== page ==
Also, a team at UC Davis unveiled human images from the world's first total-body scanner. Called EXPLORER, the imaging system captures 3-D imagery of the entire human body all at once. The images can be viewed as a rotating figure with internal organs on display. The researchers combined PET and CT scanners to create the new system and reports that image captures take just a few seconds.

And a team at the Max Planck Institute for Human Cognitive and Brain Sciences found that the brains of jazz and classical pianists work differently. Thirty engaged in piano exercises while the researchers studied their brainwaves using EEG sensors attached to their heads. The researchers found that different musical genres require musicians to take different approaches to planning and weighing the steps involved in playing the piano.

Also, a team at the Medical College of Georgia found a link between probiotic use and brain fogginess and severe bloating. They found that patients taking probiotics had large colonies of bacteria breeding in their small intestines, which led to severe bloating and the production of D-lactic as a byproduct of fermentation. Prior research has shown that D-lactic can lead to problems with cognition, thinking and the perception of time.

And a pair of researchers with the Ragnar Frisch Centre for Economic Research in Norway found that IQ scores have been dropping since the 1970s. In their study of 730,000 men entering the national service between the years 1970 to 2009, Bernt Bratsberg and Ole Rogeberg found that volunteer scores had dropped by an average of seven points per generation.

Also, a team led by Sebastian Dieguez of the University of Fribourg, found that a core thinking error underlies beliefs in creationism and conspiracy theories. In their study, 150 college students answered questionnaires, and the researchers found a connection between belief in creationism and conspiracy theories. They suggest this example of teleological thinking is due to a perception of final causes and overriding purpose in naturally occurring events and entities.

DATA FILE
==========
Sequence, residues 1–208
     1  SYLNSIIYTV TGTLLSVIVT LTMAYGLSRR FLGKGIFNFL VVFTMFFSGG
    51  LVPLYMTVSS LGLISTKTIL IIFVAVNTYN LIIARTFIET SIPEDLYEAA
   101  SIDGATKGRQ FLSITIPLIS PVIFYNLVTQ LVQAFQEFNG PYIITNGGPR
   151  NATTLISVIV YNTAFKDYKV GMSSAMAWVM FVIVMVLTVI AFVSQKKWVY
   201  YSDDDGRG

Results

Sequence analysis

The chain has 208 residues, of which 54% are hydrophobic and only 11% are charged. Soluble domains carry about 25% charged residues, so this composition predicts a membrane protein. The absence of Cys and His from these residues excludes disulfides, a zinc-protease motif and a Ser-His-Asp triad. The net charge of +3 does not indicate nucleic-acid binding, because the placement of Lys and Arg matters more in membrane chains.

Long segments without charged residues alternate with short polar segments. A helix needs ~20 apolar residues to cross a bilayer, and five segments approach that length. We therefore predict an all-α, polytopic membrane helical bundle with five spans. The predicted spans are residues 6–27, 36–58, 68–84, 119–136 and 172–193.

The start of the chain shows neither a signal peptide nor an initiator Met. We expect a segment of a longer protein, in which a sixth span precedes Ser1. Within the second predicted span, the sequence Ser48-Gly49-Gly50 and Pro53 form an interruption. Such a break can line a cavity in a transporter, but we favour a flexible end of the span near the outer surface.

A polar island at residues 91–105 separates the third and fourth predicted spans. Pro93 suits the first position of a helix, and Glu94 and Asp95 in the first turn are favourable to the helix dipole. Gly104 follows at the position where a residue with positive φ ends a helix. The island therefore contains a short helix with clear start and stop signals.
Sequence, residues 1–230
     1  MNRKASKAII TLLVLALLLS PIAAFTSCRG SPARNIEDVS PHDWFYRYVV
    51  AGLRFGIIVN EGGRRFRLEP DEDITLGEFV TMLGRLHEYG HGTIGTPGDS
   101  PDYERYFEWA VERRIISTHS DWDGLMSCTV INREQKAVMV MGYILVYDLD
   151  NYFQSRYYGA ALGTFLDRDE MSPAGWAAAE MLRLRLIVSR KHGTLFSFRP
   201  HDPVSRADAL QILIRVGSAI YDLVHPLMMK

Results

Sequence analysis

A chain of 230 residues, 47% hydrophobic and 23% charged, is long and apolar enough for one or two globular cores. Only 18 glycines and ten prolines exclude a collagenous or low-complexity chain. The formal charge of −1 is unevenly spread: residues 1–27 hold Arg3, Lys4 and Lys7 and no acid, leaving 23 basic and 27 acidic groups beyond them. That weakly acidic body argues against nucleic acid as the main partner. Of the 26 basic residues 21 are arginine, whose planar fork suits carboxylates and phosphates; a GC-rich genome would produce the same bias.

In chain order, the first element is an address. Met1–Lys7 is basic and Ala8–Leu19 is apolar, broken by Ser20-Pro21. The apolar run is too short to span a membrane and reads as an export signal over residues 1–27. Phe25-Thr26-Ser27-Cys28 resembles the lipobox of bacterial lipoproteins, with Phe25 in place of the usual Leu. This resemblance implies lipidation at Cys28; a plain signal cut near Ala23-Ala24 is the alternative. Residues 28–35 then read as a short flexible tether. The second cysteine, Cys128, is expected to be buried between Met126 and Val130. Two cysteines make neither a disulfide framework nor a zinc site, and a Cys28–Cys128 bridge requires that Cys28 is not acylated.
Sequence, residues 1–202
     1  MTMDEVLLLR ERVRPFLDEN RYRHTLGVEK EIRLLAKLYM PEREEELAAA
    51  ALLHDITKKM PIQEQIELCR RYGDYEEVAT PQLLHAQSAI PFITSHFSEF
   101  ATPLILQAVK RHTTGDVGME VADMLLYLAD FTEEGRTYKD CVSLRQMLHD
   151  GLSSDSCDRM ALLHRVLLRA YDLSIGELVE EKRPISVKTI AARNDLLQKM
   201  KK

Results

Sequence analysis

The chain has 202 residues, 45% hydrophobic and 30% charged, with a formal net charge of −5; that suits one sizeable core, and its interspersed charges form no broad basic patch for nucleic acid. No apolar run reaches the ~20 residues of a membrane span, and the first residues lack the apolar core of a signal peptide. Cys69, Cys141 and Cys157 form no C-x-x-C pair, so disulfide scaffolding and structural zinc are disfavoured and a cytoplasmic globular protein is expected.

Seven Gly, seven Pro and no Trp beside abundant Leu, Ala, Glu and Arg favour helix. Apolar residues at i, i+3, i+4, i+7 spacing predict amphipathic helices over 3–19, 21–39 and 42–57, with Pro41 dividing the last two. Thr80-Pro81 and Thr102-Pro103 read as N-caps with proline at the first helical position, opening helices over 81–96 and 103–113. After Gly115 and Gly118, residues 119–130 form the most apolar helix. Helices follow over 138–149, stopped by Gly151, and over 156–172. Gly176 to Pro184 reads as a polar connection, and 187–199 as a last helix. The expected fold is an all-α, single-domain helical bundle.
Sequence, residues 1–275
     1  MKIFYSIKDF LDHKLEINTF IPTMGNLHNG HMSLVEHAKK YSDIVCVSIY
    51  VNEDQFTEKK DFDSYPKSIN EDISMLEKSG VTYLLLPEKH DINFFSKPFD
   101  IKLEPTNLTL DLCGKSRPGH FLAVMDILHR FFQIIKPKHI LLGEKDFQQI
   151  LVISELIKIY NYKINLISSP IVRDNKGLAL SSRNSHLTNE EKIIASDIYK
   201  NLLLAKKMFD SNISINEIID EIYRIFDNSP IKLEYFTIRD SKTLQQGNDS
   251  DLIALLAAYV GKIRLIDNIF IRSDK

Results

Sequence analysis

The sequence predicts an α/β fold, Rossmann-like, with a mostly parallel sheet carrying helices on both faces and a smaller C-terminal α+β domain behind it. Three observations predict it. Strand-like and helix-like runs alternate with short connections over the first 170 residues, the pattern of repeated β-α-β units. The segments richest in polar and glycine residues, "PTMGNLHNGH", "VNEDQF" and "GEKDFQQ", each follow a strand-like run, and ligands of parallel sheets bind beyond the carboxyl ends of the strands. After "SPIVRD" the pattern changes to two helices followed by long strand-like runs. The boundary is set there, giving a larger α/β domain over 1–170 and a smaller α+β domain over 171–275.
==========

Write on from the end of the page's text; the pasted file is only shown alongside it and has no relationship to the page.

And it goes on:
And John Leach with the University of Portsmouth reported that people can die from giving up the fight. In his research efforts, he found instances of people simply losing the will to live—quite often after surviving a traumatic event. He notes that giving up the will to live is not the same as suicide, as victims do not cause their own deaths directly; their bodies simply react to their desire to cease living.

Also, a team at the Medical College of Georgia found that drinking baking soda could be an inexpensive, safe way to combat autoimmune disease. They found daily consumption of the common baking ingredient resulted in signaling to the spleen (or more precisely its mesothelial cells) that prevented it from setting off unnecessary autoimmune alarms.

And a team with members from several institutions in the U.K. and one in the U.S. reported that e-cigarette vapor disables key immune cells in the lungs and boosts inflammation. More specifically, they found that the vapor impaired the activity of alveolar macrophages that are responsible for keeping the lungs clean and free of dust, bacteria and allergens. With their activity impaired, a person would be more susceptible to infections and inflammation.

In an unrelated study, a team led by Silvia Balbo gave a presentation at the 256th National Meeting & Exposition of the American Chemical Society, reporting evidence that e-cigarettes can damage DNA. They identified three compounds in e-cigarette vapor that were responsible for the damage: formaldehyde, acrolein and methylglyoxal.